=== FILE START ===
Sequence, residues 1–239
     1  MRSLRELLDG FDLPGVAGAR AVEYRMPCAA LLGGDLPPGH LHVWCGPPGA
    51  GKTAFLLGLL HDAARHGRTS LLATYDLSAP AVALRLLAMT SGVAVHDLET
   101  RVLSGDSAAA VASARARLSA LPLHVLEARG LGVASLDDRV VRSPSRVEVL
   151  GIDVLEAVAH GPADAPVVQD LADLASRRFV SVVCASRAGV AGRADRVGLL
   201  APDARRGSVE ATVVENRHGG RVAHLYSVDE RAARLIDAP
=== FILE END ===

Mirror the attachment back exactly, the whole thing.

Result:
Sequence, residues 1–239
     1  MRSLRELLDG FDLPGVAGAR AVEYRMPCAA LLGGDLPPGH LHVWCGPPGA
    51  GKTAFLLGLL HDAARHGRTS LLATYDLSAP AVALRLLAMT SGVAVHDLET
   101  RVLSGDSAAA VASARARLSA LPLHVLEARG LGVASLDDRV VRSPSRVEVL
   151  GIDVLEAVAH GPADAPVVQD LADLASRRFV SVVCASRAGV AGRADRVGLL
   201  APDARRGSVE ATVVENRHGG RVAHLYSVDE RAARLIDAP